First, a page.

Instructions for American Servicemen in Britain, the opening entry in the annual Brits Off-Broadway series, is less a play than a boisterous entertainment, inspired by an actual 1942 booklet issued to American soldiers and airmen arriving in Britain to help battle the Nazis. What the creators spin from it is a curious pastiche: part culture clash, part British music hall, seasoned with sometimes hoary comic clichés and a genial spirit. At different times it calls to mind Teahouse of the August Moon, Sgt. Bilko, The Andy Griffith Show, and the caricatured aristocrats in the film Kind Hearts and Coronets.
Before the show properly begins, Lt. Gene Schultz, an American soldier, mingles with the audience and chats, as various period songs play in the background. The music evokes the twin themes of the evening: nostalgia and humor. It’s easy to recognize Dame Vera Lynn’s classic rendition of “We’ll Meet Again,” but there are less familiar ones, such as the comic number “Adolf,” by Billy Cotton and His Band.
Adolf, you’ve bitten off much more than you can chew;
Come on, hold your hand out, we’re all fed up with you, gor blimey!
Adolf, you toddle off, and all your Nazis too!
Or you may get something to remind you of the old red white and blue!
As the show starts, Schultz (James Millard) begins the orientation to the town of Nether Middleton, with the audience standing in for the new arrivals. “We” are being housed on the grounds of Tollymarch Abbey, a stately home offered by Lord Tollymarch. “As you can see,” says Schultz, “the engineering corps chose this spot because it benefits from almost perpetual freezing fog.” But the lieutenant’s primary concern is the “toot” that we have all been on the previous night, which resulted in a brawl, the destruction of the village green, and the disappearance of the vicar’s cat, Mr. Pippin.
The cross-cultural tensions begins with the arrival of the senior American officer, Col. Atwood (Dan March) and, shortly after, the British Maj. Gibbons (Matt Sheahan). Atwood is a barking, blustering, round-faced character—Col. Blimp in an American uniform. Sheahan’s Gibbons is more reserved and put-upon but, pushed to extremes, can deliver a stinging takedown with British reserve:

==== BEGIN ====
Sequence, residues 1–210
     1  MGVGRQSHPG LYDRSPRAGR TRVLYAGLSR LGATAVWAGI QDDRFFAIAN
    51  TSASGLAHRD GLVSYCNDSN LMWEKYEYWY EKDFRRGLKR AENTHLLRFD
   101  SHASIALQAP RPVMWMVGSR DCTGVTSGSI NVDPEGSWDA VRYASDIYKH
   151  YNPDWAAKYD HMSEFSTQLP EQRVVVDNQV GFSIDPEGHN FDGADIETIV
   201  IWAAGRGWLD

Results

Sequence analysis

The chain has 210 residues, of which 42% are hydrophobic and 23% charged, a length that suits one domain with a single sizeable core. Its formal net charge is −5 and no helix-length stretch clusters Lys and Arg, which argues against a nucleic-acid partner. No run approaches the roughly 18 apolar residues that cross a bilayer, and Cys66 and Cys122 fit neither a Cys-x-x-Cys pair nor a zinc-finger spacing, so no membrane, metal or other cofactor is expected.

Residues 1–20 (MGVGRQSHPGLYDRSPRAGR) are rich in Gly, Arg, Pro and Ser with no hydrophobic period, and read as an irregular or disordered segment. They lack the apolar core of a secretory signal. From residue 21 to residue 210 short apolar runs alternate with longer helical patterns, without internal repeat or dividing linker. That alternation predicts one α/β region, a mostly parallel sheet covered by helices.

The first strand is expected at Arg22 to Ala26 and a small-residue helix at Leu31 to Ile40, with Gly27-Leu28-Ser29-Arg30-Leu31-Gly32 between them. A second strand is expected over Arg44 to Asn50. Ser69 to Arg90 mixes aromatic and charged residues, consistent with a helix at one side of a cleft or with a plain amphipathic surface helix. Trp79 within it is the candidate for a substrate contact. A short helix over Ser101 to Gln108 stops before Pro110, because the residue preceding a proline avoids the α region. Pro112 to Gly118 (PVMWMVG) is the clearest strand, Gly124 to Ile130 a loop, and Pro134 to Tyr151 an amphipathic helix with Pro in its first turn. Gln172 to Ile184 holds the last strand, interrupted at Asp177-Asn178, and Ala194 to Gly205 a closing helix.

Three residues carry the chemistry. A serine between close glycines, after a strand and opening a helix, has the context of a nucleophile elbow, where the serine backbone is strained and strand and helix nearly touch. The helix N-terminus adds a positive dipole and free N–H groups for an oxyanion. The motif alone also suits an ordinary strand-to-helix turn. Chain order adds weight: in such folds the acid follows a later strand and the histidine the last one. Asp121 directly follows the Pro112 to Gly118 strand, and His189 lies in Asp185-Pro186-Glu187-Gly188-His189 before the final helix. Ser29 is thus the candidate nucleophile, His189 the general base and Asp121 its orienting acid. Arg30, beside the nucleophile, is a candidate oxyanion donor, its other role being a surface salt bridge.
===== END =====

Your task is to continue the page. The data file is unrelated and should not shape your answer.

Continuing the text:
Atwood: Well, we’re only stuck here to save your sorry ass again!
Gibbons: Yes, it’s nice of you to turn up three years late. Again.
The creators (the three actors, and director John Walton) revisit familiar comic terrain: coffee vs. tea, Marmite, morris dancing and British money among them. Sheahan, a mama’s boy and coin collector, has a grand old time explaining pounds and pence on a blackboard, noting that the American usage of dollars and cents is a decimal system, “which, for want of a better word, is … French.”
The second half finds a mini-Punch and Judy show as the three actors impersonate Hitler and satirize the British “stiff upper lip.” Two additional characters appear: March is now Lord Tollymarch himself, a cricket-mad peer who decides that a game can bring the two sides together, and there is a nonsensical batting scene as Schultz uses a baseball bat and Tollymarch a cricket bat to lob paper balls tossed at them by the audience. (The show enlists considerable audience participation, something that, one feels, the British are more enthusiastic about than Americans.)
The other is Maj. Gibbons’s mother, and the lipsticked Millard plays the randy old lady in drag—a nod, perhaps, to Privates on Parade. She has made tea, and a gentle satire of rationing ensues, as well as pure slapstick, as Col. March insists on wolfing down Marmite and slathering a ham sandwich with British mustard.
The three actors are game for the silliness, and they play broadly, with a good deal of blithering and dithering. The satire, too, is evenhanded, and one can imagine that it plays just as well in front of a British audience. The only drawback is that the actors work awfully hard at the comedy, and gradually fatigue sets in. It’s a show that wants desperately to be liked, and sometimes that desperation shows.
But perhaps it’s best to take Maj. Gibbons’s attitude to pub offerings as a guide. “Don’t criticize the beer—we like it warm in this country.” If you like your comedy deftly warmed-over, Instructions for American Servicemen is a tasty show.
The Brits Off Broadway production of Instructions for American Servicemen in Britain runs through May 12 at 59E59 Theaters (59 E. 59th St.). Evening performances are at 7:15 p.m. Tuesday through Saturday; matinees are at 2:15 p.m. Saturday and Sunday. For tickets and information, call the box office at (646) 892-7999 or visit 59e59.org.